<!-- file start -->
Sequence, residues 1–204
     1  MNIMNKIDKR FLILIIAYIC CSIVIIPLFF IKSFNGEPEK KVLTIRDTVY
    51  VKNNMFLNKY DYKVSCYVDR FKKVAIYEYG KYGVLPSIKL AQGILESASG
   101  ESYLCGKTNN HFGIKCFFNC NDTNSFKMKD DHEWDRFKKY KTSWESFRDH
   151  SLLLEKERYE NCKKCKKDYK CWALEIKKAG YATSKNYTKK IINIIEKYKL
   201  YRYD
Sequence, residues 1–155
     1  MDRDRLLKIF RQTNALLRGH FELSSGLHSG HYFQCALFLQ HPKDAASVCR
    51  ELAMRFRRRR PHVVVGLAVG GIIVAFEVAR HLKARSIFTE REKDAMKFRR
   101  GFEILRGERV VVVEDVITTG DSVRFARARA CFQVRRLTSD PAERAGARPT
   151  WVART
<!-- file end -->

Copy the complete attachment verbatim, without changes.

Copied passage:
Sequence, residues 1–204
     1  MNIMNKIDKR FLILIIAYIC CSIVIIPLFF IKSFNGEPEK KVLTIRDTVY
    51  VKNNMFLNKY DYKVSCYVDR FKKVAIYEYG KYGVLPSIKL AQGILESASG
   101  ESYLCGKTNN HFGIKCFFNC NDTNSFKMKD DHEWDRFKKY KTSWESFRDH
   151  SLLLEKERYE NCKKCKKDYK CWALEIKKAG YATSKNYTKK IINIIEKYKL
   201  YRYD
Sequence, residues 1–155
     1  MDRDRLLKIF RQTNALLRGH FELSSGLHSG HYFQCALFLQ HPKDAASVCR
    51  ELAMRFRRRR PHVVVGLAVG GIIVAFEVAR HLKARSIFTE REKDAMKFRR
   101  GFEILRGERV VVVEDVITTG DSVRFARARA CFQVRRLTSD PAERAGARPT
   151  WVART